But what will be hardest to teach — what is hardest for me to learn — is tamping down the journalistic reflex to start with the assumption that we know what’s needed and that our stories will meet those needs. As I watch the news in Ferguson, I can’t help but do what an editor does, imagining stories to assign: on, say, the racial composition of the town and its history and tensions, on prior cases of police brutality, on the politics of the town — who’s in charge and how does that match the composition of the community, and so on. We call that news judgment.

But the truth is, of course, I don’t know Ferguson worth a damn. I don’t know what its needs are. I am in no position to decide how best to use precious journalistic resource to help them — let alone tell their story to the world.

In classic journalistic structure, the best person to try to do these things is the beat reporter, whose first job is to learn about the constituencies she covers, whether that’s a town or an agency or a topic. This is why I am working to grow the news ecosystems of New Jersey and New York with more beats; this is why we study their businesses at CUNY; this is why we are going to give intense training in running a beat business at the school this fall.

But not every community is lucky enough to have a beat reporter dedicated to its coverage and needs. And beat reporters classically still operate as story machines because that’s all they could do and that supports the economics of their business. But now, in the age of the net and social media, there are so many more ways to not only publish (and promote) but listen, so many more ways to understand a community’s needs and meet them, so many more ways to see people as individuals and communities rather than as a mass served with a necessarily one-size-fits-all product we called news.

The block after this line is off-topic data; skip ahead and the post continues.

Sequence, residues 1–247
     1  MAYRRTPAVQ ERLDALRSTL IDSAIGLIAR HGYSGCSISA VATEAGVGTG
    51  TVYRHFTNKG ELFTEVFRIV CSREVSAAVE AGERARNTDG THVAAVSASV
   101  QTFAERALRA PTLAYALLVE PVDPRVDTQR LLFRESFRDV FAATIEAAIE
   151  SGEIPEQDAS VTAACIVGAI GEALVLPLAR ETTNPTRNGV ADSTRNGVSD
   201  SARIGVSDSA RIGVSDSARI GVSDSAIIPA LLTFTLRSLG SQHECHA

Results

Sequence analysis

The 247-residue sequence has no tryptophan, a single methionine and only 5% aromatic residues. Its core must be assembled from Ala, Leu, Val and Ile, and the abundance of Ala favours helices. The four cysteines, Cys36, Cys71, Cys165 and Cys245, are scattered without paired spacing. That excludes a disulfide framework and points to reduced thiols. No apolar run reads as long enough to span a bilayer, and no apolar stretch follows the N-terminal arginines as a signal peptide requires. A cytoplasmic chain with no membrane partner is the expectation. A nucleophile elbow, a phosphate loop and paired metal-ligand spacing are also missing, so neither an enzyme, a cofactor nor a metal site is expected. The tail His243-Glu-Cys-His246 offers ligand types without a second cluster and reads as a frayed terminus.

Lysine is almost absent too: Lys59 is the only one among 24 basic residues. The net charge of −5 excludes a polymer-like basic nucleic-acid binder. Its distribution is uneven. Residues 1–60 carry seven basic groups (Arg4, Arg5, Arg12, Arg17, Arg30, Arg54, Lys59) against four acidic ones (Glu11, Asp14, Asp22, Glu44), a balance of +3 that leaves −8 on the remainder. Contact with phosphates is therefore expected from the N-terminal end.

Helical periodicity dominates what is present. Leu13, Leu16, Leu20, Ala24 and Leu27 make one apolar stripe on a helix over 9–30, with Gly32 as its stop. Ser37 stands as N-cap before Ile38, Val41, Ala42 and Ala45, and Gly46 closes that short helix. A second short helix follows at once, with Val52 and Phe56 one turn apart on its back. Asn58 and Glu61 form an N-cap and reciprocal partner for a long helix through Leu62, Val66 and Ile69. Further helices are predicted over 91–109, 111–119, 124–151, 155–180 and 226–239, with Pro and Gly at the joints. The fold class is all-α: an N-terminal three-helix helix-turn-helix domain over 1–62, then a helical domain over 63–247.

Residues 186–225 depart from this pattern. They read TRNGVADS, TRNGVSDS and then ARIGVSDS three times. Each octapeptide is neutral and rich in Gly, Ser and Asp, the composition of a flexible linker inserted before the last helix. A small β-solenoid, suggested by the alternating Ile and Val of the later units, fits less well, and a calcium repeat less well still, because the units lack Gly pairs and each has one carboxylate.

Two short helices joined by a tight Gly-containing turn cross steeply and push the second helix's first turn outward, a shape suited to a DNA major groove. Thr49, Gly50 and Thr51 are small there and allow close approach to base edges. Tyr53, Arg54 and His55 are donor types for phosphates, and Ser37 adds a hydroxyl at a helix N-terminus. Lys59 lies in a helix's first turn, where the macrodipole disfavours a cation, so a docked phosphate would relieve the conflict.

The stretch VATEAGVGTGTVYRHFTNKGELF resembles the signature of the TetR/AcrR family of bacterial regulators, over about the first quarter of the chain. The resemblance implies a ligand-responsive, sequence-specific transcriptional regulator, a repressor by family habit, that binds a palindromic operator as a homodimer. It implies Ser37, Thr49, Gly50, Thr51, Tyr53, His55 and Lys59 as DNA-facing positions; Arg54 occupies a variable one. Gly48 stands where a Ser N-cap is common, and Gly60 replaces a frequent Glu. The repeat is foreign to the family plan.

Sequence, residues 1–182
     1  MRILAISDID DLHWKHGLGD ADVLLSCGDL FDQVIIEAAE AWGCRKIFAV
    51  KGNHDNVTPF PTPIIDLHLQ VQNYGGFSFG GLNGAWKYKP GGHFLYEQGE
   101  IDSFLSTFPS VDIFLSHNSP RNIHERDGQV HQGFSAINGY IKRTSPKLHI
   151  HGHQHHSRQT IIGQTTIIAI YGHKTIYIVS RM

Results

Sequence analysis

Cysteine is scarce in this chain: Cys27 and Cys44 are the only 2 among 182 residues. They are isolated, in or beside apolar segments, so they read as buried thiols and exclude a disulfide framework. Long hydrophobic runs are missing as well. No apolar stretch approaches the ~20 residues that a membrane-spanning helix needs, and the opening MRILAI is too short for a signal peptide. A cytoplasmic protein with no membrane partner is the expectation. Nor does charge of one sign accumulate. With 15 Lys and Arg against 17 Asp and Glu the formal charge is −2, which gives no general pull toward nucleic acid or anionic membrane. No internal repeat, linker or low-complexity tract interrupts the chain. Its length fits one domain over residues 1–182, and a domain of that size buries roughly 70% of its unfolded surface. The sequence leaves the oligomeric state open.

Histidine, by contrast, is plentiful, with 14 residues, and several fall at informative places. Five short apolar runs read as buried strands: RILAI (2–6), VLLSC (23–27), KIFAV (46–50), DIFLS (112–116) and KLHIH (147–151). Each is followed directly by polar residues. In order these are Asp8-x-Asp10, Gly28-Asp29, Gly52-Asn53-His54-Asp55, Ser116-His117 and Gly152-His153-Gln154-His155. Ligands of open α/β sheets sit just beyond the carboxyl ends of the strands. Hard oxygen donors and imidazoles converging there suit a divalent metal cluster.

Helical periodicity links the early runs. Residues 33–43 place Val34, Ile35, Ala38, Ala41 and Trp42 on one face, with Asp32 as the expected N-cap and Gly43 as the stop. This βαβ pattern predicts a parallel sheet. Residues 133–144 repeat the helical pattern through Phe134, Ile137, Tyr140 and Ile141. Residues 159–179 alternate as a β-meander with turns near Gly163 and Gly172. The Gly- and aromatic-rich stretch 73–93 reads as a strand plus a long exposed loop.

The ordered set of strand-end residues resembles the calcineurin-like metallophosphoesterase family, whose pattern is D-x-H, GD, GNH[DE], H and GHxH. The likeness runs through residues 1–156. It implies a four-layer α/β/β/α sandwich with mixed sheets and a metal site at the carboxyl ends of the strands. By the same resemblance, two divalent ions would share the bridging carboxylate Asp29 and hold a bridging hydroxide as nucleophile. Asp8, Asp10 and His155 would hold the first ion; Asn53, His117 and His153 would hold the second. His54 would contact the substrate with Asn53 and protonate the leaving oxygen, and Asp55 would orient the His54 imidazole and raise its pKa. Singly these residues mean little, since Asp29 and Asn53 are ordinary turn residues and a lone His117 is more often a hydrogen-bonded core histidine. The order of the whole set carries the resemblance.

It’s not going to be easy to turn journalism on its head, starting with listening rather than publishing, with serving the needs of a community over telling its story to others, and with judging one’s success on the community’s terms rather than media’s (those are the terms of service Jay Rosen has been challenging me to provide in this vision of service journalism).

I don’t know what Ferguson needs. I know that the country needs to pay attention to what is happening in the town and so I’m glad that social media — that is, people using social media to report what they witness — forced Ferguson’s issues onto national media. I also know that it won’t be long before the town will get sick of that attention and of the sensationalism that will emphasize everything bad about Ferguson and nothing good: simple stories that can be told in 1:30 of time or 13″ of type. I also know that when the reporters leave Ferguson’s McDonald’s and the satellite trucks rumble off its streets, then Ferguson will be left little better off for all the journalism that occurred there. It will still have needs and goals and could use help to meet them. That is where social journalism begins.

  • rosenblum

    This is an interesting insight: ”


    @jeffjarvis as a Ferguson resident, feeling is 80% exploitation. This town is not what you see in the media.

    When I taught at NYU (a long time ago), I would send my students out to find people whose stories had been reported on local news. To a person, they all said that the news story that had aired did not really reflect what they felt was the ‘real’ story.

  • Eric Hydrick

    You use the term “social journalism”, but I think “community journalism” is a better description of what the goal is. The “social” just seems to refer to social media which are a valuable tool for determining needs and communicating to the very people you’re trying to serve. I just think you’re running the danger of confusing the ends with the means.

    • Carrie Brown-Smith